Casual or Permanent: Characterising Employees

Posted on December 20th, 2018

Casual or Permanent: Characterising EmployeesThe Full Court of the Federal Court of Australia has recently emphasised the importance of properly characterising a casual employment relationship.

In WorkPac Pty Ltd v Skene [2018] FCAFC 131, Mr Skene was employed by WorkPac Pty Ltd (“WorkPac”) as a fly in fly out truck driver at a mine. Mr Skene’s employment was terminated by WorkPac. Mr Skene argued that he was entitled to payment in lieu of accrued annual leave entitlements in accordance with the Fair Work Act 2009 (“FWC”) and enterprise agreement.  WorkPac argued that Mr Skene was not entitled to payment of annual leave because section 86 of the FWA and the enterprise agreement excludes casual employees from the entitlement to receive annual leave.

Mr Skene’s employment contract stated that he was engaged as a “casual employee”, however the Full Court held that the term “casual employee” has a legal meaning and is to be determined according to objective factors. Read the rest of this entry »

Contested Wills… the Court procedure

Posted on December 4th, 2018

 When a person intends to contest a Will, after establishing eligibility, he or she must commence proceedings in the Supreme Court. The District Court has jurisdiction however the Supreme Court is the preferred venue. The FPA list (as it is called) in the Supreme Court is managed by His Honour Justice Hallen. When the Summons commencing proceedings is filed, it is necessary for the applicant to file an Affidavit in support of the claim. A  Court practice note sets out those matters which must be addressed in the Affidavit in support of the claim. Read the rest of this entry »

What executors need to know

Posted on November 20th, 2018

What executors need to knowBeing appointed as an executor can be a daunting experience. It is an important job which needs to be carried out at a difficult and emotional time.

Here are the basics of what you first need to do when someone has died and you are the executor appointed under the will:

  1. Make the funeral arrangements.
  2. Contact Centrelink or the Department of Veterans Affairs if they were in receipt of a pension.
  3. Ensure all items of dollar and sentimental value are adequately secured, including considering whether locks to buildings need to be changed if there is a risk to the security of those items.
  4. Ensure that insurance is maintained/taken out over property such as buildings and cars.
  5. Contact a solicitor to arrange an appointment to obtain advice in relation to the estate. You should note that there is not a “reading of the will” like is seen in movies. It may not be appropriate to have beneficiaries accompany you to the appointment and this should be discussed with the solicitor by phone prior to the appointment if you are considering it.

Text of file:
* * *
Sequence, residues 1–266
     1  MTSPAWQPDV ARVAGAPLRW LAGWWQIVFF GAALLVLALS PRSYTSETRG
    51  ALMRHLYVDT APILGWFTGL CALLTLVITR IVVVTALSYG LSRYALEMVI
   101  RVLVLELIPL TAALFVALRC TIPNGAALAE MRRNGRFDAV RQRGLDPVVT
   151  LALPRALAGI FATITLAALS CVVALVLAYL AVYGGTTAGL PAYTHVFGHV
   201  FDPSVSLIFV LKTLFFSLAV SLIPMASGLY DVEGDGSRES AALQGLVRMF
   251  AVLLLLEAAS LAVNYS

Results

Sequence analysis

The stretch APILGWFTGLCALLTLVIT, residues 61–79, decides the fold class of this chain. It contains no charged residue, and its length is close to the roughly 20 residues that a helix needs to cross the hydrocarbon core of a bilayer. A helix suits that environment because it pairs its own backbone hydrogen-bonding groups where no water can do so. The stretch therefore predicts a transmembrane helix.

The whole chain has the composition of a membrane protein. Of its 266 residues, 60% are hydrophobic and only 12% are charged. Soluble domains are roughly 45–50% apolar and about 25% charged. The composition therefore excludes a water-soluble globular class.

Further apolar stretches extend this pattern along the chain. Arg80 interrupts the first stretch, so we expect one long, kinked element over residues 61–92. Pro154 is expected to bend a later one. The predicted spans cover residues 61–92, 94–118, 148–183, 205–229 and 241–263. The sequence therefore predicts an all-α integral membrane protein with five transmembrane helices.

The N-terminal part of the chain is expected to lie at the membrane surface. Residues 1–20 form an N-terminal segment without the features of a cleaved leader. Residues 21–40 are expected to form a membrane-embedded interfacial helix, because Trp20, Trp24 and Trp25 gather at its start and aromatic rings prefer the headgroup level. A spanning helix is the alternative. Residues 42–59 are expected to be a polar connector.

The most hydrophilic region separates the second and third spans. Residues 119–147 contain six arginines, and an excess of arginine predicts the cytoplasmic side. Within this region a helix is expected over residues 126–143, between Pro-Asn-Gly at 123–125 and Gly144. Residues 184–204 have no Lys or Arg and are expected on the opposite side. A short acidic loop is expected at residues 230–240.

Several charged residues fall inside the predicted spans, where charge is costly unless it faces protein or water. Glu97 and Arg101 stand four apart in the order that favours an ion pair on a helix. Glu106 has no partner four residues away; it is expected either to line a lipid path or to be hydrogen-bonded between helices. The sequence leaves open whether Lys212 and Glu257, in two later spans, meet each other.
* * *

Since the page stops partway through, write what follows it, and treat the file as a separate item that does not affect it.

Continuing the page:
6. Collect the following, as best you can, in anticipation of your appointment with a solicitor:
    • Details of the deceased’s assets, liabilities and superannuation membership.
    • Details of any beneficiaries of the estate.
    • Details of the deceased’s accountant or financial planner.
    • Details of any insurance policies relating to the deceased’s assets.
    • Details of any managing agent for investment properties.

Read the rest of this entry »

Issues with Expert Evidence

Posted on November 9th, 2018

Issues with Expert EvidenceMany cases before the courts involve expert reports – such as medical evidence in personal injury cases; accounting evidence in loss of profit cases; and valuation evidence in property cases. However as a 2016 Supreme Court case shows, unless the report demonstrates that the expert has relevant expertise; and expresses the opinion in a way that allows a court to understand how the opinion was reached, it may be rejected as evidence.

The particular case was a complex fire/arson dispute relating to a fire at a property at Mosman in Sydney. At the time of the fire, significant extensions/renovations were underway. The insurer declined the claim on the basis that the property owner had set, or colluded in setting, the fire and had made misrepresentations in relation to his insurance claim. Read the rest of this entry »

Loans to Children – Don’t be Vague

Posted on October 25th, 2018

Loans to Children – Don't be VagueWhen making loans to children, you will probably be nagged by conflicting emotions and truisms.  Should I document the loan for clarity? But they look so happy together and can use it more now than after I die. I worked hard to earn that money; what if there’s another GFC and I need to be repaid?   It’s all peace now, but should I prepare for war? Will a stitch in time save 9?